Antonio, and CPS Energy has been slow to get rolling. Funded in June, 2017, and announced to a packed auditorium in December, 2017, it was only in February, 2018, that the plans for community engagement were shared in a public forum. Of course, Climate Action SA members, including the Esperanza Peace & Justice Center, have been working behind the scenes, to make sure justice and inclusion remain the bedrock of this process and not just a talking point. Specific to the process of informing our communities about the challenges posed by climate disruption and tapping into grassroots leadership to craft solutions within the CAAP, we must: • Treat community organizations working for climate justice as equal partners. • Reach the public through existing local social justice organizations and experienced and trusted organizers. • Draw on multiple sources of funding to fuel this engagement, including CPS Energy, COSA mid-year budget adjustments, local foundations, among others. • Increase the budgets of both the sustainability and health departments for ongoing community work. • Not stop with the completion of this plan—or even its ultimate adoption. The pressures of a rapidly warming planet are expected to accelerate. So must our labors together.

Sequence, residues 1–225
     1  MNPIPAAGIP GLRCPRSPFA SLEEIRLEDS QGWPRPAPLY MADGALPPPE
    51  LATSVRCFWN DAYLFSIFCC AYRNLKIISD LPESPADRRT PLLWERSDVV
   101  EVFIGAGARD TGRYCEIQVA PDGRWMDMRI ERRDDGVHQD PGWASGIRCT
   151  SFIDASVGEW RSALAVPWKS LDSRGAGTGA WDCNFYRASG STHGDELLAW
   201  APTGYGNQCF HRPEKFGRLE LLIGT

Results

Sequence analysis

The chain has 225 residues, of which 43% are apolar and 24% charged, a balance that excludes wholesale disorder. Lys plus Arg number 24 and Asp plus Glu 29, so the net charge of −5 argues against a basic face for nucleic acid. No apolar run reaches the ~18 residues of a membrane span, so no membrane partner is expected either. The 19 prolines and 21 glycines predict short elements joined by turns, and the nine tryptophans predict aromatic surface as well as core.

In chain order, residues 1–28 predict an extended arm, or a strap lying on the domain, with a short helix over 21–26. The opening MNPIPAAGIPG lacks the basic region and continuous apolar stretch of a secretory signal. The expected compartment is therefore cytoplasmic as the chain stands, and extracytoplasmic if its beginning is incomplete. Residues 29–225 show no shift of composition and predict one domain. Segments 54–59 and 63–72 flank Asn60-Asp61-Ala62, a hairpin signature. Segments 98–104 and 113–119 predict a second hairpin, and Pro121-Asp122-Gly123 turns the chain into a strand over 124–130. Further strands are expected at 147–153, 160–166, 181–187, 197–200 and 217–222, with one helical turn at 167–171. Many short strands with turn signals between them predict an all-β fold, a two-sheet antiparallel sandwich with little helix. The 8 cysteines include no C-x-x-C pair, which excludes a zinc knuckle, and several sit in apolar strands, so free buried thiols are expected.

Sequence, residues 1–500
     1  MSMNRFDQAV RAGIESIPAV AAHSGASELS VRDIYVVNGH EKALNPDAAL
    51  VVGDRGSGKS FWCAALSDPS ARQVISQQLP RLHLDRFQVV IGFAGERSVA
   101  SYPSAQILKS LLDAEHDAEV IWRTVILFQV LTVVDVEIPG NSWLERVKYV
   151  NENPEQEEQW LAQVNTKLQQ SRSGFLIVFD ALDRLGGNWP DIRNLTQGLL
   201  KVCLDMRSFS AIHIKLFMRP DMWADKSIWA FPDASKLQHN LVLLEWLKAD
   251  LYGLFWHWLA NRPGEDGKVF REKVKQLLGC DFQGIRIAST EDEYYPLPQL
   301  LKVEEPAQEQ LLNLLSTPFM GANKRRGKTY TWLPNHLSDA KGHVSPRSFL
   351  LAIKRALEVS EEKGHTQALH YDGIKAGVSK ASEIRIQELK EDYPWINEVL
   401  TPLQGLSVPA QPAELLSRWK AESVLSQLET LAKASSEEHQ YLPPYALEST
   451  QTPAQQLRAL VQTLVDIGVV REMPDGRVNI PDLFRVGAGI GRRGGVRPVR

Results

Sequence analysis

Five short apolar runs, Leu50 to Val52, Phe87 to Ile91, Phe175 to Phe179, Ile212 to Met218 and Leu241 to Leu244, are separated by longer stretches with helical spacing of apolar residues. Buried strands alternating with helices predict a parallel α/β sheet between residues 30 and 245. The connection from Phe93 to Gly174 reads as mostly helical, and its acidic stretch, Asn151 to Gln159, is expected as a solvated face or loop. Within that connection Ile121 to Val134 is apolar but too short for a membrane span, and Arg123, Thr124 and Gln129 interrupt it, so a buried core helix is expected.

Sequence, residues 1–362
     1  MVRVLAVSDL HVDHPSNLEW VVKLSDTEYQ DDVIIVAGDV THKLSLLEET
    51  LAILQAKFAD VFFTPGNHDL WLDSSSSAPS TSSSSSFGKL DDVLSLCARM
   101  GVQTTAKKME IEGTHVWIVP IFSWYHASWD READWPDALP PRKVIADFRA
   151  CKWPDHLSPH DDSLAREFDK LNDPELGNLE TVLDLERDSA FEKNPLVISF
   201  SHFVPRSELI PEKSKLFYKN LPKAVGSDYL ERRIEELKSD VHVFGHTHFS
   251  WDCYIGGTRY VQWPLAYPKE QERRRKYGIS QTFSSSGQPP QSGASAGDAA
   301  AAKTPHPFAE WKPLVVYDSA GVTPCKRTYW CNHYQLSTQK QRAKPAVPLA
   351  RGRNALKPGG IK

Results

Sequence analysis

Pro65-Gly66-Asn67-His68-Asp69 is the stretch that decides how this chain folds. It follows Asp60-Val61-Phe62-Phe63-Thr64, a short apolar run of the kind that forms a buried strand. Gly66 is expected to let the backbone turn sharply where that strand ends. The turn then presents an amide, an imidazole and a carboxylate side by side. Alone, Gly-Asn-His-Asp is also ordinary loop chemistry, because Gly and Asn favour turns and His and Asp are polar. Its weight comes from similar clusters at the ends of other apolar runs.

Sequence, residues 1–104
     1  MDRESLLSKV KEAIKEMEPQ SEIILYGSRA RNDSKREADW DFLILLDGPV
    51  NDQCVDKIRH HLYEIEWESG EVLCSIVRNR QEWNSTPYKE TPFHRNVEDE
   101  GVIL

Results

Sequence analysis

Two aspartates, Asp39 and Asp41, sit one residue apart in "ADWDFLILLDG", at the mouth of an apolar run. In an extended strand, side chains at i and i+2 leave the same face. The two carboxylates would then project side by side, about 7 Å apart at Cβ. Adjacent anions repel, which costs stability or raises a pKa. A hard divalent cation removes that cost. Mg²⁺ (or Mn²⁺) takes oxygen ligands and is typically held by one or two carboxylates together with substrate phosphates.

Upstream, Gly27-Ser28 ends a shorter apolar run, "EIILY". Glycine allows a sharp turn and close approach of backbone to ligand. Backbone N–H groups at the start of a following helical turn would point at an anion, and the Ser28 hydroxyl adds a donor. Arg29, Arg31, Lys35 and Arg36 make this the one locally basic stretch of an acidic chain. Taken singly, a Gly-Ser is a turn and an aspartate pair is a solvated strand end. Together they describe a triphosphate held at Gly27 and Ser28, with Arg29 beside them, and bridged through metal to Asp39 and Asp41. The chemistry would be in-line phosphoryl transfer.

Climate Action SA Working members:

Join Us!

Esperanza Peace & Justice Center; Public Citizen, Texas; Greater Edwards Aquifer Alliance; Texas Victory Project; Our Revolution San Antonio; William C. Velasquez Institute; Sierra Club, Alamo Group; SouthCentral Partnership for Energy Efficiency as a Resource (SPEER); Vecinos de Mission Trails; Bexar County Green Party; San Antonio Progressive Alliance; Environmental Defense Fund; Lone Star Chapter of the Sierra Club; Imagine San Antonio; Ignition Green; Moms Clean Air Force; SustainableSA.com; Politiqueers; Deceleration.news

Supporting organizations: